I was at a funeral, in a charismatic church in North Texas, sitting beside a charismatic preacher from a different church.
The preacher giving eulogy did something ghastly. He commanded the corpse to get up and rise to life. It didn't. There were shocked sobs from the family, of course, but everything had gone according to plan. The eulogist continued with the message, pre-written with the assumption that the deceased was not to rise, and informed us all that the reason she stayed dead was that she liked it more in heaven.
The preacher I was sitting next to, mortified, turned to me and said "I wanted to say, 'DUDE, SHE'S EMBALMED.'"
I can't think of this without getting a weird sick, still feeling. I imagine this is the feeling of "stop" one would get when they realized mid-dinner that they had been dining on human flesh.
Consciously or unconsciously, people growing up in charismatic churches must learn the rules quickly if they are to survive. You do not pray for amputees to grow their limbs back. You do not pray for people to sprout wings. You *do* pray for cancer patients. Colds and headaches? Absolutely.
You pray for what is known to be possible without a miracle.
Raise the dead? Sure. Pray for some kid who just drowned, or something. But an embalmed person? That's just embarrassing.
The subconscious is an amazing thing.
The subconscious basically gets split from the conscious when we're beaten, shamed, or screamed at by our parents when we're kids. Part of us goes underground. We no longer hear its voices. We stumble upon its camp sites when we remember our dreams, but even those are extremely difficult to understand, since the meanings laid out for us are the very ones that our conscious personas developed to avoid.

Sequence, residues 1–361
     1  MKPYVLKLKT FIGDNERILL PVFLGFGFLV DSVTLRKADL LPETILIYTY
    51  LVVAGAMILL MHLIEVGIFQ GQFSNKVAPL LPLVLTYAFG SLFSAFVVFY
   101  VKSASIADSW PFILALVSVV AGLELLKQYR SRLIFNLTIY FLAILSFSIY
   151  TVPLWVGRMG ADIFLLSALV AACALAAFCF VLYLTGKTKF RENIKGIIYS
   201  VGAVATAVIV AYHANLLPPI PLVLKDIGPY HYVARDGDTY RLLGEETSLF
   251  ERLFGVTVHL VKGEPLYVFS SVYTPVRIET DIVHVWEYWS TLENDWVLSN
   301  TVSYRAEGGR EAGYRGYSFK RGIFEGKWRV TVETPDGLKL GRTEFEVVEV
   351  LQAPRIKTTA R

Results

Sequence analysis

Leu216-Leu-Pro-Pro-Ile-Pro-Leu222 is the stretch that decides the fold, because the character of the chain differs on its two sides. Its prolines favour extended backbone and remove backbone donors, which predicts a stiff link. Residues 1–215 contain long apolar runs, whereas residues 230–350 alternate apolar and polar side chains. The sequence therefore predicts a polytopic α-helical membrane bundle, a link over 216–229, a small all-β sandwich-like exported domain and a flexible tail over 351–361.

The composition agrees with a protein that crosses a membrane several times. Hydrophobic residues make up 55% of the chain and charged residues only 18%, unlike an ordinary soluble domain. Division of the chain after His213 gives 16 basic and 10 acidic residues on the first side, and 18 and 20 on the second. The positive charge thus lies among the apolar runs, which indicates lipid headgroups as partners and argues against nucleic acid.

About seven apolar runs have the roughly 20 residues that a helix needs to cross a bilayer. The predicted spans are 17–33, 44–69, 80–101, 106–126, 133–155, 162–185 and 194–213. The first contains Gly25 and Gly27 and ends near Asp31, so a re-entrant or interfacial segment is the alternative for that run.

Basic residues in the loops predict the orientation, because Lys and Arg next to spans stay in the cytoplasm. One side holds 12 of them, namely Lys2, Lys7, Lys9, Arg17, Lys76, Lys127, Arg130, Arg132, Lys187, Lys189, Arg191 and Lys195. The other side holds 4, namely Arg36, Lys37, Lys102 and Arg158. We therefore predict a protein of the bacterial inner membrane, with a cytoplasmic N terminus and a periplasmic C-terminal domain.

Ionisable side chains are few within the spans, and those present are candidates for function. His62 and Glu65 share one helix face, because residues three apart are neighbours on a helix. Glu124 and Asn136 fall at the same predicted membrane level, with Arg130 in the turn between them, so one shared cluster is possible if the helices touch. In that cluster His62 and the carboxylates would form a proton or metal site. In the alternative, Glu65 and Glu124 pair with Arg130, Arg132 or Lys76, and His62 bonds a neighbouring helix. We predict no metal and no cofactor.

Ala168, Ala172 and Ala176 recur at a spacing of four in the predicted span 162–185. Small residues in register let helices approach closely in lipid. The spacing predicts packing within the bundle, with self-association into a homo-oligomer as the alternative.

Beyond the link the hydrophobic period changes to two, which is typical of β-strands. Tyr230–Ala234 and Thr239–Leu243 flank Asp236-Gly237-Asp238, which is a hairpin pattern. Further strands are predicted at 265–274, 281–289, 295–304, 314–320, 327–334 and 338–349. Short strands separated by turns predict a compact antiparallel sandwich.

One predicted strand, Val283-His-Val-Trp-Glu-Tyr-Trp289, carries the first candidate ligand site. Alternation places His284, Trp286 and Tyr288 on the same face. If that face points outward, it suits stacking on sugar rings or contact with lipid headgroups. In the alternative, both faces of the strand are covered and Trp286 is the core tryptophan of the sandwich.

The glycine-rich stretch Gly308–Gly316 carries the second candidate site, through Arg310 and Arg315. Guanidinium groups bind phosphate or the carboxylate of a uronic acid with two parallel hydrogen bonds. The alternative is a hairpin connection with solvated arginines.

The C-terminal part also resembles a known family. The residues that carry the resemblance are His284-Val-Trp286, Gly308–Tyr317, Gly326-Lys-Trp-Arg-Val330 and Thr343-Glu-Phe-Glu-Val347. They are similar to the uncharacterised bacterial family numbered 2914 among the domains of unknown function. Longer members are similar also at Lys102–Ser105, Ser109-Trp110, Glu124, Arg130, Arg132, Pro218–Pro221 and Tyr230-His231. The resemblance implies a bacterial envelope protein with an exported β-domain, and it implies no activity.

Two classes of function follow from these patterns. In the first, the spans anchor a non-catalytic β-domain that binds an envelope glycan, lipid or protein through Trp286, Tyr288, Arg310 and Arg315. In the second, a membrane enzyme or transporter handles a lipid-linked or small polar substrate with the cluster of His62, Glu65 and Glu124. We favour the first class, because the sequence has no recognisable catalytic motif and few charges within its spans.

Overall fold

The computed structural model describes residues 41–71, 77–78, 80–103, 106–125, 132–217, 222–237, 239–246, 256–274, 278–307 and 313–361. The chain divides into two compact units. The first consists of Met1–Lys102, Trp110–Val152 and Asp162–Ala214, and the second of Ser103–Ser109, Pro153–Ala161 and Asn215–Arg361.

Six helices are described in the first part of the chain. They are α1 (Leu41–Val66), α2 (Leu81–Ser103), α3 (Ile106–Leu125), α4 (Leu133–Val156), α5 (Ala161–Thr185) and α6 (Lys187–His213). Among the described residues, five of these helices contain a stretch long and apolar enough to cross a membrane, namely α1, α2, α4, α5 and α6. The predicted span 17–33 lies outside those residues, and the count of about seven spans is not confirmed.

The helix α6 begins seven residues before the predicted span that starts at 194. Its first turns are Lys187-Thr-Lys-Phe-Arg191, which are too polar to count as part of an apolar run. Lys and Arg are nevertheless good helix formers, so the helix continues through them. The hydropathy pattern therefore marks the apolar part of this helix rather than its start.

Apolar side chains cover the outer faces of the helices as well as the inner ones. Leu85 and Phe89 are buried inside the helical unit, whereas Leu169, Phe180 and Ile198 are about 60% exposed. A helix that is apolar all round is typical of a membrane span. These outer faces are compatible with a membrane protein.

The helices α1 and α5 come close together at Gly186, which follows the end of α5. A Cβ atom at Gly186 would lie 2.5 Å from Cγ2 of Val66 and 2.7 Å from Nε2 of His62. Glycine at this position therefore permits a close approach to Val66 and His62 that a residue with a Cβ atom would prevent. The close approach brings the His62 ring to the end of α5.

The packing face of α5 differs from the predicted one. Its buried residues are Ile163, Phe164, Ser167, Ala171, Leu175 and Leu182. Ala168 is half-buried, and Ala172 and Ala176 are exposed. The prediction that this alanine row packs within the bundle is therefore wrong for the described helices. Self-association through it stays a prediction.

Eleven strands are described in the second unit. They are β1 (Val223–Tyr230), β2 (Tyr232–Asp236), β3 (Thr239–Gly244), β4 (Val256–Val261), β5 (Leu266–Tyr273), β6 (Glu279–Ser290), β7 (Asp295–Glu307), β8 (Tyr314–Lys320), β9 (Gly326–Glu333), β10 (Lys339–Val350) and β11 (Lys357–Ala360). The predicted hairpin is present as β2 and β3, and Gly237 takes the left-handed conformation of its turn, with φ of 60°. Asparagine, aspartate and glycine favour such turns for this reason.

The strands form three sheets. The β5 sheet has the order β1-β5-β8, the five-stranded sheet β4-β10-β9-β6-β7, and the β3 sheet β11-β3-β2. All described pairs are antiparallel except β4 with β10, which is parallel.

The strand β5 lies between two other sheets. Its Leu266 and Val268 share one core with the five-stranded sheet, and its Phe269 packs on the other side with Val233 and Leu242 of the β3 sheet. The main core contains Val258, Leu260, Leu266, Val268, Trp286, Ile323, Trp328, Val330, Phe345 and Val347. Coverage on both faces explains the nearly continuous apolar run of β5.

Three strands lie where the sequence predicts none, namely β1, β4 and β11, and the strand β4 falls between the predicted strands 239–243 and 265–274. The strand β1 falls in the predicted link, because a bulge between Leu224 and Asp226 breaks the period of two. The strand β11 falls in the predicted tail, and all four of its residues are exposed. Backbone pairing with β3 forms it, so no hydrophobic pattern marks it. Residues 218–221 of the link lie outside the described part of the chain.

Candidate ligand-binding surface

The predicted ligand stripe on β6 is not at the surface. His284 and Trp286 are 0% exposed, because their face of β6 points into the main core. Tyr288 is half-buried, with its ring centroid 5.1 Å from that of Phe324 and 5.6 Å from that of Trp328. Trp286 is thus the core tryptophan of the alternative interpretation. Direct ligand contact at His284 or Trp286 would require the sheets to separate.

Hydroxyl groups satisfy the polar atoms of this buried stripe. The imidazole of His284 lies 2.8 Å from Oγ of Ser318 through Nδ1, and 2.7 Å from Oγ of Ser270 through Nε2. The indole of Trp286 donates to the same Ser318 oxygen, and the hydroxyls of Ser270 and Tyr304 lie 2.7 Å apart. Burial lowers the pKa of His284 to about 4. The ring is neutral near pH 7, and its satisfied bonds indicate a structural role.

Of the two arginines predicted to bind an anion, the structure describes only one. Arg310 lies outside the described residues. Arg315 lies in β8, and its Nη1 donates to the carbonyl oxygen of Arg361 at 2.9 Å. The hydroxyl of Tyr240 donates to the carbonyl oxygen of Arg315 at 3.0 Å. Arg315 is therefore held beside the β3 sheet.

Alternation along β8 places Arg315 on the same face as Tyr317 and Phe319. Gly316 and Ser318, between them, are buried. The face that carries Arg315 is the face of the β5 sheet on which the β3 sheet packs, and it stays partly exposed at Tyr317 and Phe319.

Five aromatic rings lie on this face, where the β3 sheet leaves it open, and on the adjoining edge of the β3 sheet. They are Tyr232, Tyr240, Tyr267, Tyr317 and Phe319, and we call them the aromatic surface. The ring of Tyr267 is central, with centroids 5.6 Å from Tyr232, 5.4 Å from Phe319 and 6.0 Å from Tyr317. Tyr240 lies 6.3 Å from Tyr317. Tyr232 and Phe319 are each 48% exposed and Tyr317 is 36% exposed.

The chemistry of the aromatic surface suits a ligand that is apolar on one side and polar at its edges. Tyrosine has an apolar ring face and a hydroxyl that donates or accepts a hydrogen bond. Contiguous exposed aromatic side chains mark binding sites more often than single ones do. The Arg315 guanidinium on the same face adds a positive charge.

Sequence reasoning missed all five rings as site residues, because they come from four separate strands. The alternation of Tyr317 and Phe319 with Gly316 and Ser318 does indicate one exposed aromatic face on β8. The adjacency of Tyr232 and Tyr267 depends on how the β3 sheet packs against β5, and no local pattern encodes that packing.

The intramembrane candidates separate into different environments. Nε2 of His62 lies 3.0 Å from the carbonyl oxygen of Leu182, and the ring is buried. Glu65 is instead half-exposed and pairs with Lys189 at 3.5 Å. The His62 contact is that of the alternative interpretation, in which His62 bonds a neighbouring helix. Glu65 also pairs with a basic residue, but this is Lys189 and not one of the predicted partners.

There are things that you cannot say or ask about God, I can attest, without feeling that you've broken the whole world with your five-year-old hands. In other families, the recognition of sexual abuse or alcoholism gets buried in the same caverns.
What's interesting, though, is that these realizations and questions never die. The subconscious still makes moves for us, but the conscious mind rationalizes them and selects different motives. "No, I stopped wearing deodorant because--um--something about nature!" . . . not because I'm trying to deter someone's physical advances.
I don't have a smart conclusion. I do have a chilling question: What if everyone is subconsciously an atheist? Why else would we allow ourselves in prayers only that which is known to be naturally possible? How did the preacher know that the deceased would choose not to rise? Why was he obviously stupid for not accounting for the embalming fluid?
A hundred strange memories from church begin to make sense.
I need to turn this off and go hug my kids.